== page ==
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Coordination with Mexico on Shared Species at Risk in the Arizona-Sonora Region
Southwest Region, March 14, 2008
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Arizona Ecological Services, Sonoran Joint Venture (SJV), Arizona Game and Fish Department (AGFD), and Phoenix Zoo staff participated in a meeting with Mexican partners in Hermosillo, Sonora, to discuss shared species at risk in the Arizona-Sonora Region.  The meeting was organized by the Mexico City Comisión Nacional de Áreas Naturales Protegidas (CONANP; National Commission of Natural Protected Areas) office.  Other participants included representatives from the Mexico City Dirección General de Vida Silvestre (DGVS; Wildlife Department) and Instituto Nacional de Ecología (INE; National Institute of Ecology) offices, as well as from local CONANP offices, the Comisión de Ecología y Desarrollo Sustentable del Estado de Sonora (CEDES; Commission of Ecology and Sustainable Development of Sonora), and Mexican universities and non-governmental conservation organizations.  The goal of the meeting was to identify shared species at risk in the region, priority recovery actions for those species, potential funding sources to accomplish the actions, and potential parties responsible for implementing the actions.  CONANP presented information on their conservation program for species at risk (PROCER; Programa de Conservación de Especies en Riesgo) which focuses on recovery of 25 priority species at risk by 2012 through the implementation of Programas de Acción para la Conservación de Especies (PACE) or species conservation action plans.  Our office, SJV, and AGFD jointly presented information on proposed or on-going projects for priority shared species at risk in the Arizona-Sonora region.  CONANP primarily plans to focus their conservation efforts in the region on five priority species including jaguar, Mexican wolf, sea turtles, vaquita, and the golden eagle, as well as on any species within the region that is included on the list of 25 additional priority species, such as pronghorn (the list has not yet been finalized).  Although CONANP does not consider the masked bobwhite within their initial list of priority species, they are willing to coordinate, develop and implement conservation actions for the species after learning about its critical situation. They will also support conservation efforts for other species or groups of species in the region, such as the flat-tailed horned lizard, aquatic herpetofauna, and desert native fishes.  The meeting results will be presented at the Trilateral Committee for Wildlife and Ecosystem Conservation Meeting in 2008.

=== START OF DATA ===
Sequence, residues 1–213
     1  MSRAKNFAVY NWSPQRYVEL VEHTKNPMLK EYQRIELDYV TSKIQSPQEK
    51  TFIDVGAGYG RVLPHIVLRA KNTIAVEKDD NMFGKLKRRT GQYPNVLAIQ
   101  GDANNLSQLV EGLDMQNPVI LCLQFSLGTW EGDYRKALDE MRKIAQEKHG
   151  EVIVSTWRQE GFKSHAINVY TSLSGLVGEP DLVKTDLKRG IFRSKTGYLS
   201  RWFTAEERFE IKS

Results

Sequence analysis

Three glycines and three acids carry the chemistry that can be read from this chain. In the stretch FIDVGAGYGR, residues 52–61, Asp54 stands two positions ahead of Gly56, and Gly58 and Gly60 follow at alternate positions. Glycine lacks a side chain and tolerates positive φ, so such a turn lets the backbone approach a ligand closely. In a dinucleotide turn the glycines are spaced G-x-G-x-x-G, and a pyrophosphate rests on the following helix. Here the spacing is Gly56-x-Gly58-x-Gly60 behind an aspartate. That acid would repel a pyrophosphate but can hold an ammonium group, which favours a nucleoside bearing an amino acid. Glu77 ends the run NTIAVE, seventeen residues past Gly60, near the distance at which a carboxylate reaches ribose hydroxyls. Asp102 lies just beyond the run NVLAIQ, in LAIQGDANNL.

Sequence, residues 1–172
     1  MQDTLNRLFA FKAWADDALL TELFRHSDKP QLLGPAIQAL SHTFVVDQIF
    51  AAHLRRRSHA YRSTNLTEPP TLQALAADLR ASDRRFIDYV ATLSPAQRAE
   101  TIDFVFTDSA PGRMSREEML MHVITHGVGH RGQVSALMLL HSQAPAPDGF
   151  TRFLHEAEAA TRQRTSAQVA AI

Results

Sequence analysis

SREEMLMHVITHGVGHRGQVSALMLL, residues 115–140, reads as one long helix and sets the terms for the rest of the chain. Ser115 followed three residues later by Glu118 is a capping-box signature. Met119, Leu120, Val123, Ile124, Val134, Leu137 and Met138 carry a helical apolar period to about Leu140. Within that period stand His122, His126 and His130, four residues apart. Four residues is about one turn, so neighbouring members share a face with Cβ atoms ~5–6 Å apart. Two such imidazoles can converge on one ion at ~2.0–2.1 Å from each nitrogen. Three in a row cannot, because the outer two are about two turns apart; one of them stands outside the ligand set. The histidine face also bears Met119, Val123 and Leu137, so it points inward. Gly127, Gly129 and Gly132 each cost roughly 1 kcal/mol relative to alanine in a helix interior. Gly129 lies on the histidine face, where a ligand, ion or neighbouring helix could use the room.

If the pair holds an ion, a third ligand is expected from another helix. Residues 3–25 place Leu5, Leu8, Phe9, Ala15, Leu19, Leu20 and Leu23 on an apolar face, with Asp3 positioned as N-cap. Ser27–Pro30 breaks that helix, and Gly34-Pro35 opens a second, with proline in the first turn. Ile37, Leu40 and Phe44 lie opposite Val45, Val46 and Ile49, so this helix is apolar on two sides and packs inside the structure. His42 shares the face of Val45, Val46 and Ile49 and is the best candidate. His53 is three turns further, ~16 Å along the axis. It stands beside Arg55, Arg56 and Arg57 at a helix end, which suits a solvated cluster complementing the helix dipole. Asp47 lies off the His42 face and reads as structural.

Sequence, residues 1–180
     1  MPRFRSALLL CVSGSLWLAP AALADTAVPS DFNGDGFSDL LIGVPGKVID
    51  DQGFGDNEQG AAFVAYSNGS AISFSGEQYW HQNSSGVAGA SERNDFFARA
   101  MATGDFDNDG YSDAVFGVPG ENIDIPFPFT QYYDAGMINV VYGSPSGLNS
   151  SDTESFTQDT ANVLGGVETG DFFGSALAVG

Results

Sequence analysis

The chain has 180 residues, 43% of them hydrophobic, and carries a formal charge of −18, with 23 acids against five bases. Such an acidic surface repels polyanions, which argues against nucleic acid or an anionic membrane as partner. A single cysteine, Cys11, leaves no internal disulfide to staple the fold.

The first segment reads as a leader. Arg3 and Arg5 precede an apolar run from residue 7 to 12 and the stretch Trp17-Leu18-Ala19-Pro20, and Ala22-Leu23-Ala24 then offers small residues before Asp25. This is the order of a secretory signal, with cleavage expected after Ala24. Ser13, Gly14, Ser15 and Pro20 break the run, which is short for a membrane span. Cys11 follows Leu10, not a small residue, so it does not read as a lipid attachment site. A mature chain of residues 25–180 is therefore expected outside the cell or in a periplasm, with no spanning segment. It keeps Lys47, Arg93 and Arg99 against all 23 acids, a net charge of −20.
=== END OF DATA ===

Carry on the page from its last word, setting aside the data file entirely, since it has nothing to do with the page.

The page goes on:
Contact Info: Martin Valdez, 505-248-6599, martin_valdez@fws.gov



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